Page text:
I remembered to charge my nice Canon camera that I haven’t used in a year, just for Christmas.
I only realized I forgot the SD card once I was already at my sisters house. I thought about going back but ain’t nobody got time for dat, so here’s some pictures from my iPhone that has a broken screen and a case that I’m pretty sure is growing mold in an attempt to slowly kill me.
Santa now comes with terms and conditions. Or he can’t spell. Either way, I cannot stop laughing.
All Saige wanted from Santa was a Panda, and she got one!
With all my baby girls. Aspen got a baby doll from Santa that is…um, anatomically correct.
Once all the gifts were open we went outside to play in the snow.
We ended the day with spontaneous hill sledding and I invited myself to stay over for Ashley’s dinner since she was making my ham recipe in my old crock pot and using my old cutting board, I figured it was only fair.
The only thing that could’ve been better (other than having an SD card) would have been having Sam and our parents there too, but overall it was a great Christmas. Hope you guys all had a great holiday too!
It’s Christmas Eve and I’m sitting at my desk eating an entire cheeseball for lunch with hand warmers tucked into the cups of my bra to keep me warm, which is probably the best life hack I’ve ever invented.
It’s not snowing here, and I wish it would. My absolute favorite part of winter is when the sky turns white and even when night falls and the temperature drops, the sky remains a brilliant crystal above you raining down snowflakes that catch in the glow of the streetlights, time immortalized, and the only marker of the passage of it is the puffs of air escaping your mouth and swirling up into the sky like dragons in the night.
I’m embarking on my second holiday alone. Ever since I was sixteen or so, there has been someone to buy for, to have snowball fights with, to hold hands and mugs of hot chocolate together as we walk around looking at the city lights.
The relationship before last ended abruptly just days before Christmas. And the next one started two weeks after that on New Years Eve after one too many glasses of champagne had loosened both of our inhibitions about each other. And even though the breadth of time between the two was short (too short, in hindsight), and even though neither turned out being anything more than a pile of ashes in my hands, there was still the emptiness of the holiday itself last year, the lack of presents tucked under the tree with his and her name tags on them, the anticipation watching them tear off the carefully folded paper and watching their expression light up.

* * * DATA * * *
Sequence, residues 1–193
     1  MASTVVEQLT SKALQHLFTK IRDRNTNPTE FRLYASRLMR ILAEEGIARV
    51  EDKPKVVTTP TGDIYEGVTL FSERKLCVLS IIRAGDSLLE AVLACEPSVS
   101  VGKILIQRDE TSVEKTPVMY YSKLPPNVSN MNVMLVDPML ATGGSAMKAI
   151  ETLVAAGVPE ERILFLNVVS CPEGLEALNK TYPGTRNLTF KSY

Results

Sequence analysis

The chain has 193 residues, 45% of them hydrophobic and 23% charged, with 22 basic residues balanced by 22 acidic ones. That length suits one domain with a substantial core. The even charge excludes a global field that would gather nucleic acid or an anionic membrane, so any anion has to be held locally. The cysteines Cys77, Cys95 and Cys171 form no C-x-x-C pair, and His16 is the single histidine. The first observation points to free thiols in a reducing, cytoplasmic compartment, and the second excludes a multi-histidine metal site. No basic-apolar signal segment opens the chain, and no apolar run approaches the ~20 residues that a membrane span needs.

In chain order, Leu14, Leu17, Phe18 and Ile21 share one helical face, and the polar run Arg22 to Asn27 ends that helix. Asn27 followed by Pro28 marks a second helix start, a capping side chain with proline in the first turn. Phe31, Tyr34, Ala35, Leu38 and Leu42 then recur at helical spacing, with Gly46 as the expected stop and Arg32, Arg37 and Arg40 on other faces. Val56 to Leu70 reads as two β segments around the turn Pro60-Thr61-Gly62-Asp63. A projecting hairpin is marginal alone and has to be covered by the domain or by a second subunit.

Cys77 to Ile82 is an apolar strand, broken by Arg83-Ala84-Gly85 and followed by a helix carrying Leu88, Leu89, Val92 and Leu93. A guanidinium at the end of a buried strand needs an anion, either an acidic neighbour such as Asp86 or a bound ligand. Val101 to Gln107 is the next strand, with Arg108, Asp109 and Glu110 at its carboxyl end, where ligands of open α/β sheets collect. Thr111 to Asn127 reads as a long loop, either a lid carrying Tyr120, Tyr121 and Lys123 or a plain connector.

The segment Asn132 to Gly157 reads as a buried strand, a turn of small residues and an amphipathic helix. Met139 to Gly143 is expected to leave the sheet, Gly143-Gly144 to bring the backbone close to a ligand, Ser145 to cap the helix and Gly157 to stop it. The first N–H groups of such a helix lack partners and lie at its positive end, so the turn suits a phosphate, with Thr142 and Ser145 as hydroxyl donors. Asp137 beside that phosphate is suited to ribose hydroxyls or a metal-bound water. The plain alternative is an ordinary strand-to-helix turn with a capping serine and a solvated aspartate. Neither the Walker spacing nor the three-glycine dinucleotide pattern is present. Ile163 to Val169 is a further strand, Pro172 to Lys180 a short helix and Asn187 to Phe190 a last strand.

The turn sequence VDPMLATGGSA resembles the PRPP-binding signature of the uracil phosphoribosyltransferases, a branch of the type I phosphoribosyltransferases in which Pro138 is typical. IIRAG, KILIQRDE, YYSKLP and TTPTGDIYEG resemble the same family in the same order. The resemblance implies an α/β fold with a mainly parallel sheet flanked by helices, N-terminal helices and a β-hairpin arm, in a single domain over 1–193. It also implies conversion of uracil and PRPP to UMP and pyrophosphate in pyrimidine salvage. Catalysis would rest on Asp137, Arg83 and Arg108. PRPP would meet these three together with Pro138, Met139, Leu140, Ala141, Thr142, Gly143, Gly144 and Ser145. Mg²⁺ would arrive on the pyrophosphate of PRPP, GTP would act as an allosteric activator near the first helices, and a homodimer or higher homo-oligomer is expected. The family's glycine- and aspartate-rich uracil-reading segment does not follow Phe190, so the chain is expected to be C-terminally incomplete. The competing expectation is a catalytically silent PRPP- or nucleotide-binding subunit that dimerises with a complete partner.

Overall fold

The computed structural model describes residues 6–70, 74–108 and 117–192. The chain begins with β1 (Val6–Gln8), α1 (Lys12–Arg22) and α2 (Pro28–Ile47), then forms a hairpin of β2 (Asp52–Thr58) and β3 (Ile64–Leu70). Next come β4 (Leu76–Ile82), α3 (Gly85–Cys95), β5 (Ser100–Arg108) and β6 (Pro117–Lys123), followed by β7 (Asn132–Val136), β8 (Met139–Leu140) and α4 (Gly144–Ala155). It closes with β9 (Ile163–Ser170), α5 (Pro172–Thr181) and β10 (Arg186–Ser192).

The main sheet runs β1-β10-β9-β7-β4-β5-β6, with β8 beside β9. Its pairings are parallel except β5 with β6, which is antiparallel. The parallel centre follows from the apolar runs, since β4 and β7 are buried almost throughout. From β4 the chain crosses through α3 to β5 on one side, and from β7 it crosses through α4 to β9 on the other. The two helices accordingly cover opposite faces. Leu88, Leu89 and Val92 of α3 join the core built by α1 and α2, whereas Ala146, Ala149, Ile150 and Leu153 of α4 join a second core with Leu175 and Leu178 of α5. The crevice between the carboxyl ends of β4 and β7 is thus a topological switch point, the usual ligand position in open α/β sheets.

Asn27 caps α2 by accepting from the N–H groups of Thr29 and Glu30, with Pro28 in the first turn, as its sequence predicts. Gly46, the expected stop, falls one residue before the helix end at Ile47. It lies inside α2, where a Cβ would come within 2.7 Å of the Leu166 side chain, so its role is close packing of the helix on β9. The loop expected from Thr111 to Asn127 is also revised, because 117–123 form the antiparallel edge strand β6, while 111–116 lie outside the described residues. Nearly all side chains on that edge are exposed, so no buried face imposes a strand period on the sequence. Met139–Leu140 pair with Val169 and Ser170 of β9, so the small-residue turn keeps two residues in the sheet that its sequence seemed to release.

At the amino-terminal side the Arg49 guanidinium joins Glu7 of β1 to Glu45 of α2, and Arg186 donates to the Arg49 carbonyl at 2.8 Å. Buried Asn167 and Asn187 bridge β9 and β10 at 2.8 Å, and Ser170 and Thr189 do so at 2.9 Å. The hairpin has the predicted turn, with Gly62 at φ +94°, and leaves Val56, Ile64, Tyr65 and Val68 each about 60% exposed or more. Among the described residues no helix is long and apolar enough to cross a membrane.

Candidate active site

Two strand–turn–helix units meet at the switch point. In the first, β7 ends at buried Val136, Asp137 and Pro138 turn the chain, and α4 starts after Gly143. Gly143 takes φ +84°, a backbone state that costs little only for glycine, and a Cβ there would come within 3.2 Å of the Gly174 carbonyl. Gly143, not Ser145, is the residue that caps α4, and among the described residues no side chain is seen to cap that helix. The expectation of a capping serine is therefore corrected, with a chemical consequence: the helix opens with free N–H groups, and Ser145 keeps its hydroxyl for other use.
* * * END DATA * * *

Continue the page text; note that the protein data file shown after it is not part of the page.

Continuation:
I miss that. Probably more than anything, I miss the giving.
And I know in the grand scheme of life and the length of it – should I be so lucky to have a lengthy one – the few years that I’ve wasted on the wrong boys will make up for the moment when I find the right one, for when I’m able to tuck my feet underneath myself snuggling next to him on the couch and lean my head on his shoulder and give one of those involuntary sighs of contentment, because the song may be cliché, but baby all I want for Christmas?
There’s a lie I tell myself often.
“It will be better after.”
It’s an open ended phrase best suited for the end of relationships and the yearning for payday and the first few seasons of New Girl (although, the jury is still out on the New Girl thing but my friends tell me to keep the faith).
I found myself saying that mantra again on surgery day.
It will be better after.
But oh, how quickly I forget that the better only comes as hindsight, after you’ve suffered through the now.
I never really took stock and fully appreciated having two capable hands until I mangled one; and now I’m here after they removed the inflamed tissue and left me with a severed nerve and a numb palm wondering, did I just trade one ailment for another?
I have never in my life been more grateful to be a southpaw. Did you hear that left hand? I APPRECIATE YOU. Now don’t screw up like your counterpart. I’m counting on you.
It’ll be better after. With all things. After I massage the scar tissue. After I find “the one” (yet again, jury is out) and after I finish season 2 of New Girl.
Ever since I can remember my biggest fear – bar none – was living alone.
And up until last year, I never really had to. I was able to transition from my parents to my grandmother’s basement to marriage.
On my first venture into residing solo, I rented a creepy little house on a busy street in Provo. The rent was insane and the house was over 120 years old but they accepted my gigantic ass dog, which was important.
When asked how my first week was I responded, “I am pretty sure by now there are no ghosts. Just wolf spiders and hobos from the shady motel close by.”
But even with the abundance of eight legged creepy crawlies (not that I was shocked, once when I lived in Gram’s house a bat fell down the chimney and I’m pretty sure there’s still a video of it on my YouTube channel) and shitty heating and ugly yellow walls, living alone wasn’t so bad.
With the exception of the night that my Newfoundland stopped someone from breaking in.
That was rull scurry.
Oh and the fact that the guy who got arrested for showing me and my best friend his penis when we were 14 lived right behind me. Take note kids: if a dude pulls up, flashes you and asks you to come play with his peen? Don’t. Get his license plate number and call the cops instead.
Thanks to Timehop (the app we all love to hate), I was alerted that I moved into this house that I’m in now a year ago, the one that I bought all by my very self.
I’m happy to say there are significantly less spiders, hobos, flashers, attempted break-ins and ugly walls.